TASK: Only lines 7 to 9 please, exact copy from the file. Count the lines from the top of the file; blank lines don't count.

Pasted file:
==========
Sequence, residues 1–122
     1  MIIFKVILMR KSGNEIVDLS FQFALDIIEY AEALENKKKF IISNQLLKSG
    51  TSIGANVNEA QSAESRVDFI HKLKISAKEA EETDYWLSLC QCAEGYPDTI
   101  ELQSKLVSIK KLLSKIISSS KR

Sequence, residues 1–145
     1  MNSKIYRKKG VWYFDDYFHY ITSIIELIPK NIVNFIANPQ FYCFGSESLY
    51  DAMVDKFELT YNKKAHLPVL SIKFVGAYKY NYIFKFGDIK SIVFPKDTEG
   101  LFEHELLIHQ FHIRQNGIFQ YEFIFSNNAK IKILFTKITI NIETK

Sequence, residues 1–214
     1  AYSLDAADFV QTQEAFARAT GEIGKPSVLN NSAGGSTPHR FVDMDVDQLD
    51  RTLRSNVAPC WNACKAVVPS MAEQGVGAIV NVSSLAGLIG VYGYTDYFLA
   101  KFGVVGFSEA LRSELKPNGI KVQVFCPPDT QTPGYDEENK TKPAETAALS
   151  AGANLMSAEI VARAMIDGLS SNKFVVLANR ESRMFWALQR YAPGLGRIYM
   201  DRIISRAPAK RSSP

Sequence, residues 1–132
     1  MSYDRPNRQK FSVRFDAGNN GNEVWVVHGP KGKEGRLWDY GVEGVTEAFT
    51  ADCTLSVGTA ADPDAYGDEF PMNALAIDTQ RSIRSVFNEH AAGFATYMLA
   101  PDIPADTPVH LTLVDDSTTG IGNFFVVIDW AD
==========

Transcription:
    51  DAMVDKFELT YNKKAHLPVL SIKFVGAYKY NYIFKFGDIK SIVFPKDTEG
   101  LFEHELLIHQ FHIRQNGIFQ YEFIFSNNAK IKILFTKITI NIETK

Sequence, residues 1–214